Victorian Naturalist 73: 211 (1957) APNI
Tufted perennial with horizontal rhizomes. Cataphylls usually more or less tight, pale brown or pale pinkish-brown towards the base (rarely mid-dark brown), to c 12 cm long. Culms erect, typically slender and wiry, dull green to grey-or bluish-green, 20–90 cm high and 0.5–2.3 mm diam.; striations (18–)20–35(–40), strongly raised and easily counted; pith interrupted throughout or in part (rarely continuous), air spaces variable in size; stomates superficial. Inflorescence variable, flowers either clustered or scattered; primary bract continuous with culm, to c. 22 cm long; prophylls present. Tepals stramineous or rarely faintly reddish tinged, 2.0–4.0 mm long; stamens 3–6, anthers 0.6–1.0 mm long. Capsules stramineous with a golden-brown apex, shorter than, equal to, or longer than the tepals, 2.0–3.5 mm long. Flowers mostly Oct.–Jan., seeds shed mostly Nov.–Feb.
Brid, CVU, DunT, EGL, EGU, GipP, Glep, Gold, GGr, HFE, HNF, HSF, LoM, MonT, MuF, MuM, NIS, OtP, OtR, RobP, SnM, Strz, VAlp, VRiv, VVP, WaP, Wim. All States except NT. Introduced in New Zealand. A widespread species in Victoria, tending to occur in slightly drier sites than most species of subgenus Genuini.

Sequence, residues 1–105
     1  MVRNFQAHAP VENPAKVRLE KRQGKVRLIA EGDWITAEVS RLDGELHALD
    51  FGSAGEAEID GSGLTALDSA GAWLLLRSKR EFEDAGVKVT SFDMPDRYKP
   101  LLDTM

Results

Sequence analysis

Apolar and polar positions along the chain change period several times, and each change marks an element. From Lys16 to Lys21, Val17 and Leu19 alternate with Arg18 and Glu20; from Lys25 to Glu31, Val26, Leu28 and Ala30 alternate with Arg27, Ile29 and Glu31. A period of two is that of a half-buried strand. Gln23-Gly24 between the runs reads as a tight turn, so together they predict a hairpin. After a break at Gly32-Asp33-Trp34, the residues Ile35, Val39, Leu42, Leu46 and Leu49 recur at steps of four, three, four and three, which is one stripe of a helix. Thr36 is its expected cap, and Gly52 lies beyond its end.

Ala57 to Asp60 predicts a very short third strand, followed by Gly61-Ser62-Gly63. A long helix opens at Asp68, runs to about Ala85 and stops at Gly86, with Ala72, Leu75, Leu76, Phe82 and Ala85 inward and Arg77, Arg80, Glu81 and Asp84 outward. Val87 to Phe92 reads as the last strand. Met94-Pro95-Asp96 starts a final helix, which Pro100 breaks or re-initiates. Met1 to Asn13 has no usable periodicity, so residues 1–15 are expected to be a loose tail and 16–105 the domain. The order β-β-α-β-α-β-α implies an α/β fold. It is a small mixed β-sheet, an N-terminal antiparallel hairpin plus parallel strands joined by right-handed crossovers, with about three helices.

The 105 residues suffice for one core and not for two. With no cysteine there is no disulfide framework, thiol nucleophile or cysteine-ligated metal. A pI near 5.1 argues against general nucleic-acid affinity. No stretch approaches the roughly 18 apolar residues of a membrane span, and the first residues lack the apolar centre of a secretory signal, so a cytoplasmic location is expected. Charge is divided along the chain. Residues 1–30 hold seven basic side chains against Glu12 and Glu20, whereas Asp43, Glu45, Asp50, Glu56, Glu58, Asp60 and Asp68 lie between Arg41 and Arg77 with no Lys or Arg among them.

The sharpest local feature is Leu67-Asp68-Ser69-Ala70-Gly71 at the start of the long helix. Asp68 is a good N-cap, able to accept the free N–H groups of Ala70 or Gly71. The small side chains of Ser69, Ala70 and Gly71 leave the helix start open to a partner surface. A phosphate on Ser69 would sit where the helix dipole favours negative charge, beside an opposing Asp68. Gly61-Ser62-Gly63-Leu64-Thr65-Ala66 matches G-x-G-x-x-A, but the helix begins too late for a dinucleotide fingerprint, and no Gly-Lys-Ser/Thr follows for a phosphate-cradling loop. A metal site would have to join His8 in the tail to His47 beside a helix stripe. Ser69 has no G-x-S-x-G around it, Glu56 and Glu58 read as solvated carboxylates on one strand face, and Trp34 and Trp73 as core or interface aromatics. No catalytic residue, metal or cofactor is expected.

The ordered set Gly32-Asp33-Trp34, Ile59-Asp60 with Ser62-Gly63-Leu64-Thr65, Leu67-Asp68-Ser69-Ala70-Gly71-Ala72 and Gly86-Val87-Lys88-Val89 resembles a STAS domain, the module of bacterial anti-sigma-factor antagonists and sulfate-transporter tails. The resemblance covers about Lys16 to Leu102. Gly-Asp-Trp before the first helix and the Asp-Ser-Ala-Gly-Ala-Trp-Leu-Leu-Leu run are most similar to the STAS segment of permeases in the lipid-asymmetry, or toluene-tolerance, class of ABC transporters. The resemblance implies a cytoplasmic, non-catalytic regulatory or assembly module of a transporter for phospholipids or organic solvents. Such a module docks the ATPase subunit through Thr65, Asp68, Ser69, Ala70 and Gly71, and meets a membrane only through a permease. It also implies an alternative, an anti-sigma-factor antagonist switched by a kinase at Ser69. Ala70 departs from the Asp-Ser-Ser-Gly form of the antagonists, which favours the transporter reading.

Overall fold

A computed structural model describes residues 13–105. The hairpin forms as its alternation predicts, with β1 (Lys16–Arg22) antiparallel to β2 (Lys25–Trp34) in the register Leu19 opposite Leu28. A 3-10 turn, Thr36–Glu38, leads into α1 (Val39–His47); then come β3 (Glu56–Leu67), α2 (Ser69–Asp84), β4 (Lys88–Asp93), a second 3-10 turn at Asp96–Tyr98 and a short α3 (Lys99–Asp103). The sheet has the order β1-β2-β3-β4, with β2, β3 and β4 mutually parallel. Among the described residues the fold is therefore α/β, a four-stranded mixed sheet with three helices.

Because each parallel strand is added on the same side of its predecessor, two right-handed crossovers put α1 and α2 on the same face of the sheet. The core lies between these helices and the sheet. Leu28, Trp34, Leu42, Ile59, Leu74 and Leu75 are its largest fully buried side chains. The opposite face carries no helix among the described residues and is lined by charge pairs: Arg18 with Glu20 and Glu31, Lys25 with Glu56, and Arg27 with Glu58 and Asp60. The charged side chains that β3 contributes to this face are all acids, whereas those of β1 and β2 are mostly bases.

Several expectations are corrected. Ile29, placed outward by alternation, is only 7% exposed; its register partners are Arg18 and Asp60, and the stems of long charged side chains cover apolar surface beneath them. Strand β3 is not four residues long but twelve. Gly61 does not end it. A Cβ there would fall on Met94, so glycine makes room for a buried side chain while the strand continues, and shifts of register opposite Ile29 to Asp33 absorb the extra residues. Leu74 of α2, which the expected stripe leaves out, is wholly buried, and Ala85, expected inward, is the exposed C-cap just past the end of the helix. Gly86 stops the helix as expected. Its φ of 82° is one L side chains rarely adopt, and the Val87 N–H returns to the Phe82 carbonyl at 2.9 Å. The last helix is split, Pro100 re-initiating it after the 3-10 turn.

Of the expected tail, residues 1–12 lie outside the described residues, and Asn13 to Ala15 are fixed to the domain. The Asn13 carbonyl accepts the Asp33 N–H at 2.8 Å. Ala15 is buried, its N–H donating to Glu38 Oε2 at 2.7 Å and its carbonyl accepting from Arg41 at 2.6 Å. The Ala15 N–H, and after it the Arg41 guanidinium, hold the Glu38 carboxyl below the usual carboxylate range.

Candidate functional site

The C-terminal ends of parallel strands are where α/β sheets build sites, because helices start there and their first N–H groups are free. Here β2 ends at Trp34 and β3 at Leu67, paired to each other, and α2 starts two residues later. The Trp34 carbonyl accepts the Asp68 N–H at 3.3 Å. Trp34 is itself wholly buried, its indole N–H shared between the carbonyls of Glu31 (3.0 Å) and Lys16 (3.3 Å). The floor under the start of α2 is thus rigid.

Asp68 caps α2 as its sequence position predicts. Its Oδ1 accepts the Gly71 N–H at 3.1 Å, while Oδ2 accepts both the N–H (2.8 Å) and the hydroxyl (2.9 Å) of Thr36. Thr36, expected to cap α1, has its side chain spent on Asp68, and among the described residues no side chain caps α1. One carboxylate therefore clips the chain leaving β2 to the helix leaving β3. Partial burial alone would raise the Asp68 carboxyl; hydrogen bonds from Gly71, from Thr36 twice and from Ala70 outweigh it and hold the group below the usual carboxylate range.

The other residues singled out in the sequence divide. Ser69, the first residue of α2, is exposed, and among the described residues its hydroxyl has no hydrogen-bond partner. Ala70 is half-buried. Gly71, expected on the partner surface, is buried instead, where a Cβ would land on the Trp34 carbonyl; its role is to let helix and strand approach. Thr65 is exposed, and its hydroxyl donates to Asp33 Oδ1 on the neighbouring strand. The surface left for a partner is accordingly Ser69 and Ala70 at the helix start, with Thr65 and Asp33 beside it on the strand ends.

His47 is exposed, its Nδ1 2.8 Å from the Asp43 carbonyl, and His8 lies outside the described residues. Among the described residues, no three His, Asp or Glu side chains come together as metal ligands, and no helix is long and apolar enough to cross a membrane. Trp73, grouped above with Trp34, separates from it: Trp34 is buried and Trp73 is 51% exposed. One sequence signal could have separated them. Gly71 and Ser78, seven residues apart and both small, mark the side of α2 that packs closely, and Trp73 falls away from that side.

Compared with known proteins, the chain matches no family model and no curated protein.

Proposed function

Specimens of Juncus subsecundus are variable in inflorescence shape; at one extreme those with few tight flower clusters resembling J. filicaulis and at the other extreme those with very open inflorescences with widely spaced flowers resembling J. remotiflorus and J. radula. Juncus subsecundus often resembles J. flavidus but differs in having fewer, more prominent culm striations, superficial stomates and cataphylls that are paler towards the base.
|Bioregion||Occurrence status||Establishment means|
|Victorian Volcanic Plain||present||native|
|Central Victorian Uplands||present||native|
|Northern Inland Slopes||present||native|
|East Gippsland Lowlands||present||native|
|East Gippsland Uplands||present||native|
|New South Wales|
|Australian Capital Territory|